What I Learned by Losing My Cell Phone

This summer I was out dancing with friends, mildly intoxicated. I had a lovely evening, and dropped it like it was hot – that was until I tried to check the time and realized that my phone was gone. To be honest, until recently I like to claim that my phone was stolen, because it makes me feel a little bit better about the situation. In reality, I chose to go out with a purse that was adorable, but only had a small snap-button to keep it closed.

Ever since then, I have used my old iPhone 5, which has more issues than Britney Spears in 2007. That was why it was replaced in the first place. In addition to the lock button not working and frequent overheating, the phone likes to randomly freeze and not work again until the battery dies down completely. This often takes at least 24-hours, and happens several times a week. (Note: If you are thinking, “Heather, why don’t you just get a new phone?” you may be forgetting that I am a university student and that I have a net worth of $3.79).

So, for three months now I have found myself sans phone – out in the world. It is insane. Honestly, life is so strange with no phone. Making plans with friends is still fine because I can do it through Facebook; however, all of the parties involved actually have to show up on time, at a specific meeting place or things get confusing. I’m not able to send my classic, “Sorry running late! Be there in 10!” (If you know me, you have probably received this every single time we have plans…I’m sorry…I love you). Once I am with my friends, I have noticed how much time everyone spends together, but completely zoned out looking at their phones. Everyone will be so engaged with the phone in front of them while I stare at the spider in the corner of the room, sighing deeply trying to get them to pay attention to me.

I have also started noticing a lot more in the world around me. I have become an avid people-watcher and like to try to create fictional stories about the lives of those that I see out in public. I study the look on people’s faces, their body language, their clothing. Who are they? What is happening in their lives? My creative juices get flowing. Sometimes I fall in love with these strangers.

The routes of travel that a frequent quite often look much different when I’m not staring into my phone, mindlessly liking the Facebook posts of people I don’t even know well enough to call an acquaintance. The world is actually very pretty. It makes me want to take photos a lot more, which I cannot do because I don’t have my phone. This is a bitter-sweet part of the experience.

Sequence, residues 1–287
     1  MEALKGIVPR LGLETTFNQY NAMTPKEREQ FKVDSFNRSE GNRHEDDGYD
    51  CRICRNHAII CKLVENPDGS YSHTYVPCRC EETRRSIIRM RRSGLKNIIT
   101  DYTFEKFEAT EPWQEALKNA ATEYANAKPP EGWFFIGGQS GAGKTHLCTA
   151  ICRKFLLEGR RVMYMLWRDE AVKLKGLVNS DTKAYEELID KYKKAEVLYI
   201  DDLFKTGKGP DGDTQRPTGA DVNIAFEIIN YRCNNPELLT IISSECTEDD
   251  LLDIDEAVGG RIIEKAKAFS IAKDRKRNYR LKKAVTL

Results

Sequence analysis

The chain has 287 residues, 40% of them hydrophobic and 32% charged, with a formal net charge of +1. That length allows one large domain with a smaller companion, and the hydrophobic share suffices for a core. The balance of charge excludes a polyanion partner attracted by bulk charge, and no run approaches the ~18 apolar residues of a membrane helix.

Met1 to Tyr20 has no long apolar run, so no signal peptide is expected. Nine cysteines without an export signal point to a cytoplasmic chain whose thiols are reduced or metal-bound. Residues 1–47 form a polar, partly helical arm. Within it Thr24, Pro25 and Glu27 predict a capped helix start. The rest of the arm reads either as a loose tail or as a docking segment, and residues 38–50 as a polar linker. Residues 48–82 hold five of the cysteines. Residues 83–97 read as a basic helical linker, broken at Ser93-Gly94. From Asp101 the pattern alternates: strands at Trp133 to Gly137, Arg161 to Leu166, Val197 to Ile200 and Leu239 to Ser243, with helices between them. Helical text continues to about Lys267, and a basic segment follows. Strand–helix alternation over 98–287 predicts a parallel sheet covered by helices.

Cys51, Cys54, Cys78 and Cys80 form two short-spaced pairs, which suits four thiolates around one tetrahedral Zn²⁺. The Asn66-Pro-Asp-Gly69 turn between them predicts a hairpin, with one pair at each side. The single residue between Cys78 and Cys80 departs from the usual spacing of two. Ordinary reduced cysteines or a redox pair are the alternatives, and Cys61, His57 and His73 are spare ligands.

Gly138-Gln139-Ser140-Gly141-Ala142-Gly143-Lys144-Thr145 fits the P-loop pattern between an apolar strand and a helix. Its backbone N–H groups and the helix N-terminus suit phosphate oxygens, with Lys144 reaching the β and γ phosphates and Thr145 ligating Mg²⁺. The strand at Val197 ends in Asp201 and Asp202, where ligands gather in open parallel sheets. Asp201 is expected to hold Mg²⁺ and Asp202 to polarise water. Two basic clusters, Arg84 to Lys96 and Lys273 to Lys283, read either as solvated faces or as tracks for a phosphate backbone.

Yes, it may be more difficult to find the brunch place I am supposed to meet my friends at. I may miss out on plans from time to time because I never got the message inviting me. It has forced me to be more responsible and organized. What I have realized by having a part-time phone is that life really is not that boring. I’m not saying that the things that I stuff my brain with on social media is absolute trash. I still want to see my friend’s fire selfies, and as many cute dog videos as possible.  That being said, I know just as much about the strangers I see on the other side of the coffee shop, as I do of 90 per cent of the people I follow on Instagram. I don’t need to spend so much time consuming shallow information about their lives.

I have a lot more time to reflect on my own life, and how I am feeling. I am inspired by things I encounter every day. When I see my friends I have so many stories to tell, because I haven’t already ruined them by trying to condense it into an unclear 400-character explanation. At the end of the night, I can still catch up with what I missed online all day, but during that day it is just me and my imagination.

The self-reflection is a key component. I really like myself. I am great. I didn’t think that before. Turn your phone off every once in a while. You are probably pretty great too.

Processed with VSCOcam with b5 preset


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